It was 4.45 on an August morning 54 years ago that I stood on the railway station platform in the western Victorian town of Stawell that was famous then, and still is now, for Australia's richest sprint foot race - the Stawell Gift.
And while I was leaving town, never to return as a resident, I didn't quite realise at the time that I had already won a different sort of Stawell gift - the intense motivation to make something of myself. It was born of a poor family, a strong father and a classic Australian country town that knows the value of a decent day's work.
That trip to "the big smoke" began a great journey but I have no regrets in announcing this week that I will retire from my current job in advertising on August 10, 54 years to the day.
I was barely 17, and the eldest child of the family, when I climbed aboard the Overlander. My brave and thrifty father had allowed me to get on the train with £2 of the family's scarce cash in my pocket and one set of clothes.
I also had something else far more important - the offer of a job as an office boy at Briggs and James advertising agency.
Home became the YMCA until I found a room to share with a snoring kid at a boarding house in Hawthorn. But there wasn't that much sleep to interrupt. Most evenings I spent at what we used to call "night school" and every morning I was first up and off to work.
Bit by bit, day by day, I built a career and then a company that spanned the most incredible period of human communications - an extraordinary half century of mass media and personal global networking, that none of us had seen before - from Bakelite radios and crystal sets, to digital TV and global roaming.
And for all the unforgettable things that broadcast media brought into our lounge rooms and kitchens, such as men landing on the moon, the assassination of an American president and Australia II bringing home the America's Cup, we all know the birth of the digital age at the beginning of this century will bring business opportunity and community benefits that have been barely thought of today.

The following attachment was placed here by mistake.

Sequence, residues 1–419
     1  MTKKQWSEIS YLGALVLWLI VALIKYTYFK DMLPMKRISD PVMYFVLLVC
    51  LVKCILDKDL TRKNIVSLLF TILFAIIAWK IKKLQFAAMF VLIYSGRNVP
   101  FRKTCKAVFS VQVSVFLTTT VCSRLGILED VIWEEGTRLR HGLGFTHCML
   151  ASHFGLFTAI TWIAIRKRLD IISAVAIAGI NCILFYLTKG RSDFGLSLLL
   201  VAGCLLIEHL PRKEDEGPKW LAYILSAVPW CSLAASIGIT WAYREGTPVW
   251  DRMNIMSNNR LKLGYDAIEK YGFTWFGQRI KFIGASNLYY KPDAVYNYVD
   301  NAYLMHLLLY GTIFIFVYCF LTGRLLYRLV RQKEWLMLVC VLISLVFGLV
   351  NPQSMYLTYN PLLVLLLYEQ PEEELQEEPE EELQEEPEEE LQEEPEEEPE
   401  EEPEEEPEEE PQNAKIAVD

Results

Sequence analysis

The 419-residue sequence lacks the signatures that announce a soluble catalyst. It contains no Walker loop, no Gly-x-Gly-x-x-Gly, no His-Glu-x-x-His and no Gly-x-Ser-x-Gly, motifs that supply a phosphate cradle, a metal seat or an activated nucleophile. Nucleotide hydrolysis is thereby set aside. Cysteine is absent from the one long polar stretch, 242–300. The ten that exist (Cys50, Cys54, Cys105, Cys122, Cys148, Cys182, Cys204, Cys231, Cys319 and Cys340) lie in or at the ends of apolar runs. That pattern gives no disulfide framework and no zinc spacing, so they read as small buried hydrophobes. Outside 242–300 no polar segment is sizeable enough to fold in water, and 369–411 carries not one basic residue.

We can be proud that we stand as the country with the highest advertising spend per capita in the world and an industry as big as that of France, a country with three times our population.
I am delighted to have played a part and been able to learn from the strongest and toughest in the business. Without the rigour and acumen of the Murdoch, Packer, Fairfax and Stokes families, I would never have been able to build the dominance of our company, which could regularly beat any international competition.
The giants of the media business shared the ethos of the small country town of my birth and the values of my father, who at 92 still splits his own wood. Hard work is a gift, not a demand, and a job is an opportunity, not a burden. In our family, you would never go home and say you hated your work or your boss.
As the boss, there are some special responsibilities to accept. In my world, they are simply that opportunity needs to be open to all, and that everyone deserves a second chance. We have promoted women, young people and staff members from many different cultural backgrounds. And when any of them made the inevitable first mistake, it was always regarded as a lesson, not failure.
At 71, and fitter than I've been for nearly 40 years, retirement seems an unbelievable word. I've often said in this column that Australia throws its experienced people out far too early. We should learn from the wisdom of Asia that will soon account for 50 per cent of the world's economy. As Confucius says, "Ability will never catch up with the demand for it".
And for all my competitors who were relieved by the announcement of my retirement, I simply quote Mark Twain: "The reports of my death have been greatly exaggerated."